The list has various artists who are not Latino, but Spanish. There seems to be an unspoken rule in the music industry that music in Spanish is automatically Latin music. Fans have long been arguing against the industry’s blanket label of Spanish-language music automatically being considered Latin music.

Rosalía, who has arguably become the face of the debate, is listed as having one of the best Latin music songs of all time.

While Rosalía does make some good music, there is a real push to make sure the artists of Latin American roots are uplifted in Latin music. There is nothing wrong with including Rosalía in your Spanish-language playlists but Latin music fans want the distinction made that some artists aren’t Latino.

You can check out the rest of the Billboard list here.

READ: Vogue México Put A Spanish Music Artist On Their Cover And Called Her Latina And Latinos Almost Set Twitter On Fire

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Demi Lovato Gasses Up Her Teen Self In Her Latest Music Video ‘OK Not to Be OK’


Demi Lovato Gasses Up Her Teen Self In Her Latest Music Video ‘OK Not to Be OK’

Pixl Networks

Demi Lovato is hardly a stranger to opening up about the things that have plagued her. The “Sorry Not Sorry” singer has long used her voice and platform to shed light on the issues that so many young girls struggle with. Namely body image. Like many young girls across the country (who are reportedly more likely to suffer from the pressures of our society’s pressure to obtain the “ideal body”) Demi Lovato has been open about her years struggling with eating disorders. Moreover, in recent years Lovato has positioned herself as an advocate for young girls suffering from similar issues.

In a recent music video, Lovato is opening up about her pain by doing so with a girl she can relate to on a completely different level: her younger self.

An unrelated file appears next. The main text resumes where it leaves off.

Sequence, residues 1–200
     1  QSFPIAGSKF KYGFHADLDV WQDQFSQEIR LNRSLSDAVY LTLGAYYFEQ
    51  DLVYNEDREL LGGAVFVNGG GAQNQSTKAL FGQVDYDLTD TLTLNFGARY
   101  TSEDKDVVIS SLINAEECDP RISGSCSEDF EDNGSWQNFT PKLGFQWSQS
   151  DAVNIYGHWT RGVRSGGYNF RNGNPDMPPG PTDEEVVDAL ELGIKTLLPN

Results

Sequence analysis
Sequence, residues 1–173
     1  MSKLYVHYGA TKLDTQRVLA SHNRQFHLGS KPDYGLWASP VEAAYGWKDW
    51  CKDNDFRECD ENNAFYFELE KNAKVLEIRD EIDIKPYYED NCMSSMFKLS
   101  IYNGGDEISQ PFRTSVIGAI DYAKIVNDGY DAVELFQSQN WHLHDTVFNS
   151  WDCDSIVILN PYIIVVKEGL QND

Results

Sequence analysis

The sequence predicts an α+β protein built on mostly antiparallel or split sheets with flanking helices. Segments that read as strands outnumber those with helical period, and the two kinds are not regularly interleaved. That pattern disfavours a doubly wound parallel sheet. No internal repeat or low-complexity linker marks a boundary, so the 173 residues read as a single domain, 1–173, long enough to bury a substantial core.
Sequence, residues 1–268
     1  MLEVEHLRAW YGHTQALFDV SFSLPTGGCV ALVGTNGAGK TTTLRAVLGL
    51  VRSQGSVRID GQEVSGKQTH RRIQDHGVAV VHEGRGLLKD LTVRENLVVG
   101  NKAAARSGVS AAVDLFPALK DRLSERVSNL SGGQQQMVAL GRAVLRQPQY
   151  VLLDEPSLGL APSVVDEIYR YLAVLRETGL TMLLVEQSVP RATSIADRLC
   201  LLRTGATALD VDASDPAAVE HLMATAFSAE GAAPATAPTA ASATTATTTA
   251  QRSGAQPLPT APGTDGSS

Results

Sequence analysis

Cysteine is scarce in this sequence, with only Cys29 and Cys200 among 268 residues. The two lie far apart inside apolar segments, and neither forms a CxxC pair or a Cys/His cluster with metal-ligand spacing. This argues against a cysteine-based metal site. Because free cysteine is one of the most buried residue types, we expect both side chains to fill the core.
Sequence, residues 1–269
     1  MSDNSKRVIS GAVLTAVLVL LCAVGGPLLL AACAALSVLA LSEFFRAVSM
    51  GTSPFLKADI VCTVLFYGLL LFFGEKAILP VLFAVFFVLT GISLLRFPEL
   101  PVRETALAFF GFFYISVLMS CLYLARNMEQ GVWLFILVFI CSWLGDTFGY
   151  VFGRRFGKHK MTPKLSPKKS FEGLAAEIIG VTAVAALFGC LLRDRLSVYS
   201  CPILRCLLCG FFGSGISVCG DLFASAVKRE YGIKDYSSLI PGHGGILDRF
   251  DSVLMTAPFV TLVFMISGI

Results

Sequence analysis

Lovato’s newest song comes with a heartwrenching and brilliant collab with Marshmello.

In her latest video, Lovato finds herself transported to her childhood bedroom, waking up in her old bed. When she looks in the mirror, she finds herself staring straight into the face of her younger self (a la Camp Rock). Marshmello also wakes up in his own childhood room, and the two artists end up settling with their past demons throughout the rest of the video. 

The lyrics of the song detail the process of coming to terms with dark emotions and mental health struggles. “Don’t get lost in the moment, or give up when you’re closest,” Lovato sings in the new music video. “All you need is somebody to say, it’s OK not to be OK.”

Throughout the video, the teenage and adult versions of Lovato and Marshmellow rage in their bedrooms in the video before ultimately finding a balance. The video concludes with both versions of Demi holding hands and meeting up with the teenage and adult versions of Marshmello while dancing down a street.

“I think it’s just such an important subject,” Marshmello said about the song’s release on World Suicide Prevention Day. “I think a lot of people, about negative feelings and negative thoughts that are affecting them are kind of scared to bring it up, scared to talk about it. When in reality, they’re scared because maybe the person won’t relate or the person won’t understand, when in reality most of time the person that you could bring it up to, will most likely has felt like this or will understand or can relate as well. So I think it’s very important to talk about it.”

Check out the music video below!